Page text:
Start

Well, it’s been over three years since my last post, and I’ve spent a lot of time trying to figure out how to start again. Sometimes it’s best to just start and not worry about the rest yet. So here’s my start.

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random news

I’m not sure where to start this post.  We’ve been so busy with life- working a lot and cramming in adventures every chance we get that I haven’t had time or the desire to write.

I guess I can start with the big news, in no particular order:

1. Martin and I celebrated 5 years of being married at the beginning of the month!

2. I get to teach in my own classroom next year at a school I love. I am excited to teach 4th grade next year (originally I was hired for 5th…the easiest way to explain it is that there was last minute shuffling and I changed grades).

3. My brother Michael is living with us for the summer and working at the ski resort (where I am working this summer too!).

4. We moved again in March- just across town.

I think that’s all the big news. Other than that, Martin has been REALLY busy at work because the Grand Depart for Tour DIvide was on Friday, and Glacier Cyclery is one of the first bike shops in the first 400ish miles of the route. I finished the school year for a 2nd grade teacher and then jumped into my summer job the day after school got out (I guess I’m learning to be flexible and to roll with things instead of stressing out…hopefully I can grow in that this year!).  About a month ago, we got to host my sister and a couple friends and show them all around (and take them mountain biking for the first time). We had a blast showing them around, hanging out, and seeing them get excited about everything here. Other than that, there have been a lot of bike rides and some hiking.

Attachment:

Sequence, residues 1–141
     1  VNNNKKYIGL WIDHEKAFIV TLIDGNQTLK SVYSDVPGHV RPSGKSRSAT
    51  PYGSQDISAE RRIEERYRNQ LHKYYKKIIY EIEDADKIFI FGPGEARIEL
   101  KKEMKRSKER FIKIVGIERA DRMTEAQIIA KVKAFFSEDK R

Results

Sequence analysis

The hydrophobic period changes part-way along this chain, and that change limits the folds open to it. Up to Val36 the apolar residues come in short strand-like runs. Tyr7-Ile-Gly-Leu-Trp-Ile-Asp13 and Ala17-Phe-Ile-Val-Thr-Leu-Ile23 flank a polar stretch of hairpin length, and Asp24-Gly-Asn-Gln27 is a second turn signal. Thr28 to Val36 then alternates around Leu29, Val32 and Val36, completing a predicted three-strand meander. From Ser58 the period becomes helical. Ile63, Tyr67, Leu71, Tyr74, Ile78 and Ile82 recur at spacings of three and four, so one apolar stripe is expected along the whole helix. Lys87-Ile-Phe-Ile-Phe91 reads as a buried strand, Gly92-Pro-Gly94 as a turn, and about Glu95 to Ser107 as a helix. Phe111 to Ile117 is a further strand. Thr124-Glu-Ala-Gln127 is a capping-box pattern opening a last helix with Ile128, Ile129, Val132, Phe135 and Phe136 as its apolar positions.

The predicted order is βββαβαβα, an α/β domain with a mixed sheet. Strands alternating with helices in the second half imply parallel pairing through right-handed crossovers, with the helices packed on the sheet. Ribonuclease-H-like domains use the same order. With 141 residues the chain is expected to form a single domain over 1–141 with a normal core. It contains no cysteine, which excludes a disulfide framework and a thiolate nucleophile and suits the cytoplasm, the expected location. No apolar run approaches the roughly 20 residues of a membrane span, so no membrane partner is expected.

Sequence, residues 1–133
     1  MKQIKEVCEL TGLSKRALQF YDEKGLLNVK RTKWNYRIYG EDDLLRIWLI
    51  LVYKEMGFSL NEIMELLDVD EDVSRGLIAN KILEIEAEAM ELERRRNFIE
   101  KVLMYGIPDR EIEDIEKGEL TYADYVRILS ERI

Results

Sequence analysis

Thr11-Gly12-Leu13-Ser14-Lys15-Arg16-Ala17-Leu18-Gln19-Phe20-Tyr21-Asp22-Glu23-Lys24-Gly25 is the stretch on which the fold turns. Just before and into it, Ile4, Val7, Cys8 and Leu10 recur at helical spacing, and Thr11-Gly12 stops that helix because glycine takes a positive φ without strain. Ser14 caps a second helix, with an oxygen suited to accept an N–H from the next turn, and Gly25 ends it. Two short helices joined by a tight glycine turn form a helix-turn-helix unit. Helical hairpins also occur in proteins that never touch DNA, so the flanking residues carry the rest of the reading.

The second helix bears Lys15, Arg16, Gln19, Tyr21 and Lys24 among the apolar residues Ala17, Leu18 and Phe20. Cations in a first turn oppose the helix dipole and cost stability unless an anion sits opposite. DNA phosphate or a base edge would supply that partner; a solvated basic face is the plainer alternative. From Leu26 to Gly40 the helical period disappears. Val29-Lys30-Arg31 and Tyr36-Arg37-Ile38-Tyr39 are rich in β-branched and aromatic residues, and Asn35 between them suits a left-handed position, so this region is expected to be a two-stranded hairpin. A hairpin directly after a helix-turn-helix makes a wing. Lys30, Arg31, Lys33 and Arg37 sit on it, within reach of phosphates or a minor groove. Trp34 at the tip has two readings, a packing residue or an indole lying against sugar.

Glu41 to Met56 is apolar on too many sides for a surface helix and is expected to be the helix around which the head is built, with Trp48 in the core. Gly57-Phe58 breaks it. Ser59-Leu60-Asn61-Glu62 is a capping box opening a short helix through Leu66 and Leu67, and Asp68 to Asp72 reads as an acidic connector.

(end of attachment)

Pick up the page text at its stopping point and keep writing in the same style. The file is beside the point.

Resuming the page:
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We were only able to bike halfway up on this trail because the snow got too deep (not that you can tell from this picture). That’s Whitefish Lake and town in the background.

I’ll try to share some more adventures soon!

 

happy spring

Um…I am not sure what happened over the winter. Sorry for the long absence. Truth be told, it was a bit of a rough winter, although a beautiful and snowy one.

But now it’s SPRING!

We took a quick day trip to play and explore in a fun place on Sunday. 

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Any guesses as to where we went? Your hint is that a river does, indeed, run through it.

We had a blast doing some easy paved and gravel riding while exploring a network of trails that more or less follow the river (in and out of town). We, of course, visited Big Dipper Ice Cream and had dinner at Tamarack.

Looking forward to going back to MIssoula again soon!

uncomfortable

It is good to step outside of where you are comfortable.

And sometimes it’s good to be shoved out of your comfort zone, far beyond where you thought your breaking point existed.